Free Speech and the Paradox of Tolerance
Julia Serano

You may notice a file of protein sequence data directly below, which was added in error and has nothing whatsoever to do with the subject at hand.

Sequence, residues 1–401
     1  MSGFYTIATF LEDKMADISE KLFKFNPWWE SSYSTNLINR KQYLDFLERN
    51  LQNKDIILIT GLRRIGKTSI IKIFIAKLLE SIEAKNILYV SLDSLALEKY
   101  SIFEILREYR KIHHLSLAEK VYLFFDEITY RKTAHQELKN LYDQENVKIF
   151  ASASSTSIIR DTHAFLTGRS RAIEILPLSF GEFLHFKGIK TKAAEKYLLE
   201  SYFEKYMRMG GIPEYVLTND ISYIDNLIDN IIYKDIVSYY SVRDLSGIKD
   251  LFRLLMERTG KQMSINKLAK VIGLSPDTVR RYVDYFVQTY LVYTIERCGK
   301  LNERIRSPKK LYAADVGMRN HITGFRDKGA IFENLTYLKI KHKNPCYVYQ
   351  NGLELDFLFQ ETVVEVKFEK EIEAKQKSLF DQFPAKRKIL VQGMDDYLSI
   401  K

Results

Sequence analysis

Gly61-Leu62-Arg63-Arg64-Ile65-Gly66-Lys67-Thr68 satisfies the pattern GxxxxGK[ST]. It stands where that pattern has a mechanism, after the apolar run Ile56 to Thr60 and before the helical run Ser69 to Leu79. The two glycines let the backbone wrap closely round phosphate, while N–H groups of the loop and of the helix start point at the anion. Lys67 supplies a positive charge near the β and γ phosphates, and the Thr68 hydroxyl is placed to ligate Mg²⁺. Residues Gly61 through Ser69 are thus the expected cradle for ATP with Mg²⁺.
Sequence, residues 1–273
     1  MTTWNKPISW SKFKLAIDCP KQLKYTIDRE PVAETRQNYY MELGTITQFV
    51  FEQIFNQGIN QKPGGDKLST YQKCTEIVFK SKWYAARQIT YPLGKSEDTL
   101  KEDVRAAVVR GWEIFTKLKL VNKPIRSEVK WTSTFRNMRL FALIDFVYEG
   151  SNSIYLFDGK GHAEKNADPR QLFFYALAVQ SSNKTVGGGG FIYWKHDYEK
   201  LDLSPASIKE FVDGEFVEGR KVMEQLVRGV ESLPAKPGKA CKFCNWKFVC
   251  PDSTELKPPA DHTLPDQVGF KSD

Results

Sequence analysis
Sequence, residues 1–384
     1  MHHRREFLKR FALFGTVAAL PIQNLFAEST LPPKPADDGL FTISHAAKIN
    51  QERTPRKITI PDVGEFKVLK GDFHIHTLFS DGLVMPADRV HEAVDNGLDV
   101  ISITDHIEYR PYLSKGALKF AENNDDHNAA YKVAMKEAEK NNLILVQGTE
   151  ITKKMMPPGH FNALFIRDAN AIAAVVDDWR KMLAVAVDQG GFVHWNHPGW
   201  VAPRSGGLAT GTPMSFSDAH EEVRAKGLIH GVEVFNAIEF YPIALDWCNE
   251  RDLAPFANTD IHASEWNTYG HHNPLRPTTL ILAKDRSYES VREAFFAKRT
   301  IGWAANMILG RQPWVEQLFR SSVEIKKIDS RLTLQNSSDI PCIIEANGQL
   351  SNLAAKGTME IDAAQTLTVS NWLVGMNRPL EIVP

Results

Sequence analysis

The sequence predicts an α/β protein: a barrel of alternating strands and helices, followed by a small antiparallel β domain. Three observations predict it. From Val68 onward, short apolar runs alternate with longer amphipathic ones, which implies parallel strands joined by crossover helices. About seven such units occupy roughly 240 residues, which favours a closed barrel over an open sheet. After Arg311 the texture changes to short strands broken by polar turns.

I love this ! I’ve been thinking about this a lot as it relates to the Yiannopoulos incident at UC Berkeley. Are you familiar with the UN definition of free speech within the UN International Convenant for Civil and Political Rights (that the US has signed and is considered international customary law superceding the constitution)? It folds in the limitations you speak of (i.e. the limit of free speech is when it infringes upon other human rights such as inciting violence, hatred, or any kind of discrimination). Since many consider it customary law, it is directly applicable in the US. I believe that people like Milo have broken this lawful limitation (yet benefit from existing ones like libel and defamation which he tried to invoke against various news sources for calling him a racist). The problem is that our system in the US tries its best to ignore these limits because we have a problem with being ‘told what to do’ (even though the US wrote most of the damn treaty). This would have been absolutely essential, for example, in the Rwandan genocide where radio voices were directly responsible for inciting violence, perpetuating hatred, etc. These were the people that were put on trial in the international tribunals and brought to justice (more or less). The US could learn a lot from the world in this regard (most European countries take this definition). Of course, it’s morbid to think of genocide and no one wants to truly consider that option, however, when people are suddenly trying to make ‘peaceful ethnic cleansing’ a common concept, it is essential to remember why there are limits in the first place.